A criminal conviction comes with a laundry list of problems beyond fines and incarceration. It can prevent you from finding a job or housing for years into the future. In some cases, a criminal record can even impact your parental rights. Depending on multiple factors, you may qualify to have your criminal conviction expunged.
What is expungement?
To have a criminal conviction expunged basically means to have it sealed from public view. In most states, expungement means that you no longer need to disclose your criminal conviction to potential employers and landlords, nor will insurers and lenders be privy to this information. If a job application asks the question, “Have you ever been convicted of a crime?” you can legally answer, “No.”
This does not mean, however, that your conviction is actually erased. It will still remain for the purpose of some searches, including those performed by law enforcement, the courts, certain licensing boards, and some government agencies. However, your charges will be effectively hidden from the public. As such, you will be able to return to a sense of normalcy, with your expunged charges having no real impact on daily life.
Am I eligible?
Not all criminal offenses are eligible for expungement, and even those that are will be affected by strict guidelines, such as behavior and waiting periods. Crimes that are not eligible for expungement vary from state to state but commonly include homicide, violent sexual offenses, sex-related crimes involving children, child endangerment crimes, kidnapping, and certain firearms offenses.
Your criminal history is also taken into account when determining if a conviction can be expunged. For example, if you have no previous criminal history and are attempting to expunge a theft charge, you will likely qualify. If, however, this is your third conviction for theft, your chances of success are limited.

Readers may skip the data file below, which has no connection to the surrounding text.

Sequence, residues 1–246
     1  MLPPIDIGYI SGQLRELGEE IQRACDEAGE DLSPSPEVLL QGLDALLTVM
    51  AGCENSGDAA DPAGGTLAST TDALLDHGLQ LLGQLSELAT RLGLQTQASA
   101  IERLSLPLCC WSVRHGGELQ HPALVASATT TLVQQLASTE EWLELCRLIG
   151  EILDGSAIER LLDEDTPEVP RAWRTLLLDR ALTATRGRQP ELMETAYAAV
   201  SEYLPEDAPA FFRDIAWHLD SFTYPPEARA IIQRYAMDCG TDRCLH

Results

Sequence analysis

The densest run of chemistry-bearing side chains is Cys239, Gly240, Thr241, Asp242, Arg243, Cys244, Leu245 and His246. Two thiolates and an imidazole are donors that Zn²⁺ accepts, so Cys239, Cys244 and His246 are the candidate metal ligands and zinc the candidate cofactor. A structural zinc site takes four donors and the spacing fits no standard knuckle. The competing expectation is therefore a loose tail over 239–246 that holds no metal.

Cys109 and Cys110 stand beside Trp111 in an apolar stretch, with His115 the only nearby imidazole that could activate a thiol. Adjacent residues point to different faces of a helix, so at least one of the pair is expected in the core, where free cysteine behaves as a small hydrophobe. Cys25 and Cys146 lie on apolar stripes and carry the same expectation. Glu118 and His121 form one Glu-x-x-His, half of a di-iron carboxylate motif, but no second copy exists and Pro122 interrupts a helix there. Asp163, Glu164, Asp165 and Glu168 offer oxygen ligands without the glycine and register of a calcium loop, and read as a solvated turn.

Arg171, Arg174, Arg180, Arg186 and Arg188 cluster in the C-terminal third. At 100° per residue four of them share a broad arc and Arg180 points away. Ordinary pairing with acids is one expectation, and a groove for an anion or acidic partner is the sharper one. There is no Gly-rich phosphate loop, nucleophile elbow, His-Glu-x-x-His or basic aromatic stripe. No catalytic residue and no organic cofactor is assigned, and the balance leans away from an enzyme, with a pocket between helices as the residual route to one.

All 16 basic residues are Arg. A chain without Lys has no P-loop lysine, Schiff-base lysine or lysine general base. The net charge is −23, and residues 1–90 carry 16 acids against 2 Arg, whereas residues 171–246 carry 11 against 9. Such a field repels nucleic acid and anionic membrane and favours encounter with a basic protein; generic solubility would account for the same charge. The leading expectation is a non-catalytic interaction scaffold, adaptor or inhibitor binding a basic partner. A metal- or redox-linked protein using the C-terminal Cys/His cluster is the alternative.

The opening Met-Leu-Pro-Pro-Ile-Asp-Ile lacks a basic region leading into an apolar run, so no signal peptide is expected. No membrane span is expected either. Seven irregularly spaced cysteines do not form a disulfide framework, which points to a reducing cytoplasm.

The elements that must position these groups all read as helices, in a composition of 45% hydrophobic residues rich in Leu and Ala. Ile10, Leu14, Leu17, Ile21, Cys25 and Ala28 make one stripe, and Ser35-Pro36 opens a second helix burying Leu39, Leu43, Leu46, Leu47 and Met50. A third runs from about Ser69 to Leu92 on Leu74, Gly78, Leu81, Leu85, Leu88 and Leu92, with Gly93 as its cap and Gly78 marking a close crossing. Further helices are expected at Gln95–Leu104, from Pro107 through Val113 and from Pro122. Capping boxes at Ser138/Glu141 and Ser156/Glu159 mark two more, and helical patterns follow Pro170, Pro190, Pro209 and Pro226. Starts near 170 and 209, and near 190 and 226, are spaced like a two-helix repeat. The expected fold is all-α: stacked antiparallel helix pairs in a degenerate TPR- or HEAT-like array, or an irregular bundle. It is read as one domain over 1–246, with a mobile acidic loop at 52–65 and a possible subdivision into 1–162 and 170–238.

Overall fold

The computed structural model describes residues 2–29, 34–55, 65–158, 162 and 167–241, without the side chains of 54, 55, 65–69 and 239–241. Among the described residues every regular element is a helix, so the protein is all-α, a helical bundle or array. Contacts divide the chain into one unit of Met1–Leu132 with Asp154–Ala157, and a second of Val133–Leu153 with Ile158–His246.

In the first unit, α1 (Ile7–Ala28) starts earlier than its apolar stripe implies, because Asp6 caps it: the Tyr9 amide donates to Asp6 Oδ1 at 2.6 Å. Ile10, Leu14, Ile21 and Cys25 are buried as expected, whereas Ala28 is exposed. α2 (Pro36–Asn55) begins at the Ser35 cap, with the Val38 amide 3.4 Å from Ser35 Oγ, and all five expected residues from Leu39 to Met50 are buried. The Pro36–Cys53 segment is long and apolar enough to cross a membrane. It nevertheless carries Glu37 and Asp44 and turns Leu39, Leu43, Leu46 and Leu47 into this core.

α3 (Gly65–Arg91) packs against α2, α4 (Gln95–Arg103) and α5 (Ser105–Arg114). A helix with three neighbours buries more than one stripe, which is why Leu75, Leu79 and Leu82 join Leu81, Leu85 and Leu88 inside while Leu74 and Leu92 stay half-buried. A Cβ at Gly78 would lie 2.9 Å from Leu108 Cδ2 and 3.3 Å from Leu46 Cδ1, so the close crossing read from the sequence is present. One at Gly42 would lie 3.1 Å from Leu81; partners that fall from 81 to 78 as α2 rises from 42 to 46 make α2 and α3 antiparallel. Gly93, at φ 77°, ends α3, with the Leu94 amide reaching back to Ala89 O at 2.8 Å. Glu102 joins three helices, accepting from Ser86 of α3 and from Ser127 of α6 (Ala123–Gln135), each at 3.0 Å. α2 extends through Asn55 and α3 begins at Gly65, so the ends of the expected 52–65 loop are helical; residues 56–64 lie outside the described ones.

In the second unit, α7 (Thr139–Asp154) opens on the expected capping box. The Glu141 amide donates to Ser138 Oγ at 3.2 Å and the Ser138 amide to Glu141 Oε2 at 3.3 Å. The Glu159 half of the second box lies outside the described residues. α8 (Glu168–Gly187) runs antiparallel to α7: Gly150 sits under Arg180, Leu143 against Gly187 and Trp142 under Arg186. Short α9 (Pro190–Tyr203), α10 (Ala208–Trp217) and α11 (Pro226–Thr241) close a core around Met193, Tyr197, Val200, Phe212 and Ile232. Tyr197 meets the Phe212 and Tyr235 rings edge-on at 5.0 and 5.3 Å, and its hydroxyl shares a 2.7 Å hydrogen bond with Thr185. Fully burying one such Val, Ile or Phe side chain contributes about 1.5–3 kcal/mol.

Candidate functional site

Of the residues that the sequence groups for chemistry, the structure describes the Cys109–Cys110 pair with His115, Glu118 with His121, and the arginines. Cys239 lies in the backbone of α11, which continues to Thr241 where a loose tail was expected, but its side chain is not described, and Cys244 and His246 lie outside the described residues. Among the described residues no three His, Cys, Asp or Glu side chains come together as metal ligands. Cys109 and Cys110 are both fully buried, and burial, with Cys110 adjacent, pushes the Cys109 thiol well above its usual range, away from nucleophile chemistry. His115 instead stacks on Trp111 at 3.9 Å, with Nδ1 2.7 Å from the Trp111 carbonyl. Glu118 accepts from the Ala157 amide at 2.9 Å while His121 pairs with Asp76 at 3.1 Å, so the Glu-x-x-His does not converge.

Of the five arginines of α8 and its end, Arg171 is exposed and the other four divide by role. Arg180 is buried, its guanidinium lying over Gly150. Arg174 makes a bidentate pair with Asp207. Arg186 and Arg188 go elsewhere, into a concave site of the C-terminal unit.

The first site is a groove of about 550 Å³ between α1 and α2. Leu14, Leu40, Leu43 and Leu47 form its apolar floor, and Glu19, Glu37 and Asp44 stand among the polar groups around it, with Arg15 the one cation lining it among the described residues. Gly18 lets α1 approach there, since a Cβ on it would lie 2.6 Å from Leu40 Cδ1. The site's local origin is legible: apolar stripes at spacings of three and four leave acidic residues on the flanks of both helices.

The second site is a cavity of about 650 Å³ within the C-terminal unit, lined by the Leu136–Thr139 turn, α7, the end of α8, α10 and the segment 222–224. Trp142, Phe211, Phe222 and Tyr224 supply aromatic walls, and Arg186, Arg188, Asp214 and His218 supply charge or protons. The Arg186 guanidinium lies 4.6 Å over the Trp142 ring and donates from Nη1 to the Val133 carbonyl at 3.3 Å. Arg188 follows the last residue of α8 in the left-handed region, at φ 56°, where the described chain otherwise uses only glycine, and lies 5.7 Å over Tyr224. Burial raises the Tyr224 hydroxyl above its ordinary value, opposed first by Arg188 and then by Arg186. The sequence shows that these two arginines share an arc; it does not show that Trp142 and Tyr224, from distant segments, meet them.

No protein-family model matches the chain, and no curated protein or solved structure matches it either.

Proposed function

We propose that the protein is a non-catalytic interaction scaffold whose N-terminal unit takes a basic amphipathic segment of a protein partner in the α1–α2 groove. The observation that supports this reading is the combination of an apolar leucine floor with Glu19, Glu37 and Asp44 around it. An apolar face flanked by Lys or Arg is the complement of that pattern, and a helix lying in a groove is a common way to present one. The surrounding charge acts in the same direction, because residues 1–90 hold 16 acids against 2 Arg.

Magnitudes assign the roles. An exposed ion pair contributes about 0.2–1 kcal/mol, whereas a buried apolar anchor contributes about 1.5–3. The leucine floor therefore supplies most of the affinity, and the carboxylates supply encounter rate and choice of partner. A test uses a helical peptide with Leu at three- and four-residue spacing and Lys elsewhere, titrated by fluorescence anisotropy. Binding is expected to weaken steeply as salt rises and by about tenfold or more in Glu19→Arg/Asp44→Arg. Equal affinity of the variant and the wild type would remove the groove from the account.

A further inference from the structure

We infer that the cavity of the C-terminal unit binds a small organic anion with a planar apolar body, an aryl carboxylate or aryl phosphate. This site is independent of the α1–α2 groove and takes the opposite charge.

Expungements frequently happen at the state and local levels, but there is no constitutional right to a federal expungement. Federal courts rarely take part in expunging criminal convictions. There are some exceptions, however. The Federal First Offender Act, for example, permits expungement of federal crimes when the individual does not have a prior drug conviction and is under the age of 21.
If the criminal offense for which you were convicted qualifies for expungement and you have not committed another crime since completing your sentence, you may be eligible. You cannot, however, apply to have your conviction expunged until the appropriate waiting period has passed. This varies from state to state, but is often five years for non-felony convictions and 10 years for felony convictions. These waiting periods typically begin following the conviction, payment of all fines, completion of probation, or release from prison, whichever comes last.
Certain criminal offenses involve a quicker, easier expungement process. Individuals arrested for non-violent drug crimes may qualify for diversion programs. Such programs often allow for expungement upon successful completion. Juvenile offenders may also have an easier path to expungement; if the individual stays out of trouble, he or she usually has the option of expungement upon turning 18. An experienced defense lawyer can help you determine if your criminal conviction can be expunged.
Talk to an attorney
Regardless of your situation, it is in your best interest to hire a criminal defense lawyer with experience in expungement.
According to Summer Goldman, a criminal defense attorney with Goldman Wetzel in St. Petersburg, Florida, having an experienced attorney at your side when requesting an expungement will greatly improve your chances of success.
“We help our clients from start to finish,” Goldman says. “Our legal team will make sure that the Court has filed all of the necessary documents to obtain a certificate of eligibility to seal or expunge from the Florida Department of Law Enforcement. And upon completion, we will ensure that our client's record is actually removed from the proper websites and agency files.”
The right lawyer can be the difference between a criminal record and a clean slate. Don’t attempt to go through this process alone.